Lastly, some case studies which were usually cited as the success stories of nuclear deterrence seem unconvincing, too. In the first instance, at the height of the Berlin Crisis 1948-1949 when the Soviet Union blocked Western Allies’ access to Berlin, decision by United States President Harry S. Truman to deploy B-29 bombers capable of carrying nuclear bombs to Europe did result in the end of the blockade by the Soviet Union (Arnold and Wiener, 2012). However, some unanswered questions remain: Why it took ten months for the threat to be effective and why the Soviet Union dared to provoke the atomic bomb monopoly United States (the first nuclear test by the Soviet Union did not happen until one year later). In the same fashion, the world was actually on the brink of the outbreak of a nuclear war after the United States discovered the Soviet Union’s secret deployment of nuclear missiles in Cuba in 1962 and delivered an ultimate for the withdrawal of the missiles (Cohen, 2017). Facing the threat from the United States, Soviet leaders ordered to withdraw the missiles from Cuba thus de-escalated the situation (George and Smoke, 1974). But general nuclear deterrence once again failed to prevent the the Soviet Union from deploying nuclear weapons in Cuba in the first place and also failed to restrain the United States from “instigating a quarantine” (Wilson, 2013) which escalated the situation to the level that, in the word of the then United States President John F. Kennedy, “the odds of a nuclear war were about one in three” (McMahon and Zeiler, 2012: 305) or secretary of defense Robert McNamara, “It was luck that prevented nuclear war” (Blight and Lang, 2005: 60).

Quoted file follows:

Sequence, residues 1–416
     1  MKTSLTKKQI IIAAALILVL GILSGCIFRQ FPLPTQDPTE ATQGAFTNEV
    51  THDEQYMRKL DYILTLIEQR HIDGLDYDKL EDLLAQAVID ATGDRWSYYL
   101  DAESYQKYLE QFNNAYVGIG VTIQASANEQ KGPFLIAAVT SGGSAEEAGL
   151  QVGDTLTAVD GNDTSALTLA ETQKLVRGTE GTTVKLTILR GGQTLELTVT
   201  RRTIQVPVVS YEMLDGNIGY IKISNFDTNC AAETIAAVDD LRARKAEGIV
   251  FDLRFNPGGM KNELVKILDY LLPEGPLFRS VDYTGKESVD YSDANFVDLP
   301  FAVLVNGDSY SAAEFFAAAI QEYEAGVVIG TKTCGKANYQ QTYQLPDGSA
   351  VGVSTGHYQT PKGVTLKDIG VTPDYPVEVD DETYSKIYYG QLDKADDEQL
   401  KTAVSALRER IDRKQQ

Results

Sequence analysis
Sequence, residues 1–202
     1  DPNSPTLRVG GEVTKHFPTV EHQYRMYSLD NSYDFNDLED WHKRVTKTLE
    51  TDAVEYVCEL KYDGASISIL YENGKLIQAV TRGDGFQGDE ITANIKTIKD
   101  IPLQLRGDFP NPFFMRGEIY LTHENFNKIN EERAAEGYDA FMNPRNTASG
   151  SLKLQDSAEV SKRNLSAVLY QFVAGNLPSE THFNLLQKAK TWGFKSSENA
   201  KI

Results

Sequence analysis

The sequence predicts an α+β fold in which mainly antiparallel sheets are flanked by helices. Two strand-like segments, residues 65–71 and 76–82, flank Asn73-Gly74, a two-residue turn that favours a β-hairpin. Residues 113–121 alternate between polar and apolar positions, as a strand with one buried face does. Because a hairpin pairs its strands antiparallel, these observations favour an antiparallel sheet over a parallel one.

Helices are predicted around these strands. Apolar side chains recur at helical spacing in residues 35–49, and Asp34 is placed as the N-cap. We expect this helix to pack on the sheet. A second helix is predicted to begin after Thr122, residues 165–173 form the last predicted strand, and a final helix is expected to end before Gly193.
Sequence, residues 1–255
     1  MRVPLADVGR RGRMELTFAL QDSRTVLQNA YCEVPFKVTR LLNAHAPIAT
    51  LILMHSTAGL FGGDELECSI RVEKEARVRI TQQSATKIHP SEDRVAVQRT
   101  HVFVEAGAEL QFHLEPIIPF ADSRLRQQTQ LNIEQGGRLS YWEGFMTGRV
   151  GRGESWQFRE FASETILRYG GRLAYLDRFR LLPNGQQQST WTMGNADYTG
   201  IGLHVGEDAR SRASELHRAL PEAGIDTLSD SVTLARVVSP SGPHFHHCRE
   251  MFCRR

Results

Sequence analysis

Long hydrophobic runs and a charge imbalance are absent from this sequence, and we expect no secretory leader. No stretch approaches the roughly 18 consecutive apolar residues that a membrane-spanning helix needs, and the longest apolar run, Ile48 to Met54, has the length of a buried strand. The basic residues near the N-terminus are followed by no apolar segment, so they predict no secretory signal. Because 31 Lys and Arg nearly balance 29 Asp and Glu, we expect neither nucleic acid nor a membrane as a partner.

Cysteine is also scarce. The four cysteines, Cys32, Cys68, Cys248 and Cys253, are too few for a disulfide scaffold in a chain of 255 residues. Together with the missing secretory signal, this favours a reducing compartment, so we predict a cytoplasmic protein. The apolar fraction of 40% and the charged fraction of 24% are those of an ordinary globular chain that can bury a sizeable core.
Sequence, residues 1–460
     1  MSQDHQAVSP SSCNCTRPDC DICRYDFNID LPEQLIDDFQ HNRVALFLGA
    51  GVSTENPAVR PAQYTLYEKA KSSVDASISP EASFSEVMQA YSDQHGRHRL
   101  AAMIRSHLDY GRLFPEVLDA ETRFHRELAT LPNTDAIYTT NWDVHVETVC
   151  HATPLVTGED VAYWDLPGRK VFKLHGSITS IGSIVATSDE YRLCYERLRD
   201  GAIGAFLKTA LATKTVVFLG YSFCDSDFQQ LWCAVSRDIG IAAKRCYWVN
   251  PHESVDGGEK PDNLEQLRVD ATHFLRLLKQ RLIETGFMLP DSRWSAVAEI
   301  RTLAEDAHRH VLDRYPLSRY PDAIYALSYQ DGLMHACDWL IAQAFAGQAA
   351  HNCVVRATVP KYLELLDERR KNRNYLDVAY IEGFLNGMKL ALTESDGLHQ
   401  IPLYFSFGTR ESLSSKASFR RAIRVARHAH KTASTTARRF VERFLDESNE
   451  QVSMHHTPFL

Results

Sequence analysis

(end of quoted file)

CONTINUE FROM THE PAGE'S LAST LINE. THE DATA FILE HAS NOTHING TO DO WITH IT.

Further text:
In conclusion, nuclear weapons with their unprecedented destructive power did play a role in international relations during the Cold War. However, attributing the absence of large-scale wars between Warsaw Pact and the West led by the United States to the nuclear deterrence seems far from convincing. The debate on whether nuclear deterrence work or fail is unlikely to subside in the foreseeable future but it is noteworthy to there seem to be a mutual concern of famous policy makers of both the Soviet Union and the United States during the Cold War such as Mikhail Gorbachev, Henry Kissinger, Bill Perry that nuclear weapons have become a more risky factor than ever before with more countries joining the nuclear club (Shultz et al., 2007; Gorbachev, 2011), not to mention the ambition of countries like North Korea and Iran, the increasing threat of nuclear weapons falling into the hands of terrorist organizations, non-state actors. So, it is high time for the international community to abolish nuclear weapons with “a serious program of universal nuclear disarmament” (Gorbachev, 2011). This would be an interesting topic for future research./.